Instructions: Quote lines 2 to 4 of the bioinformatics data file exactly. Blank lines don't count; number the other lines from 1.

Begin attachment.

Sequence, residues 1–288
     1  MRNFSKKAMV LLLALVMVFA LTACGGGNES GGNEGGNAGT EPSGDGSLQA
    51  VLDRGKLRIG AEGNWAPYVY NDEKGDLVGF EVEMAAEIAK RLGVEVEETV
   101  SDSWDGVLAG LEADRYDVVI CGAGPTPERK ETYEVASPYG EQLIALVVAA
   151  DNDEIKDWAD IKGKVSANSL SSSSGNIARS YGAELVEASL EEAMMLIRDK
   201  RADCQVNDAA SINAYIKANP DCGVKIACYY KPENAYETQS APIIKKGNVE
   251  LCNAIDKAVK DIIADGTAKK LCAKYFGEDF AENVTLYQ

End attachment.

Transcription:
     1  MRNFSKKAMV LLLALVMVFA LTACGGGNES GGNEGGNAGT EPSGDGSLQA
    51  VLDRGKLRIG AEGNWAPYVY NDEKGDLVGF EVEMAAEIAK RLGVEVEETV
   101  SDSWDGVLAG LEADRYDVVI CGAGPTPERK ETYEVASPYG EQLIALVVAA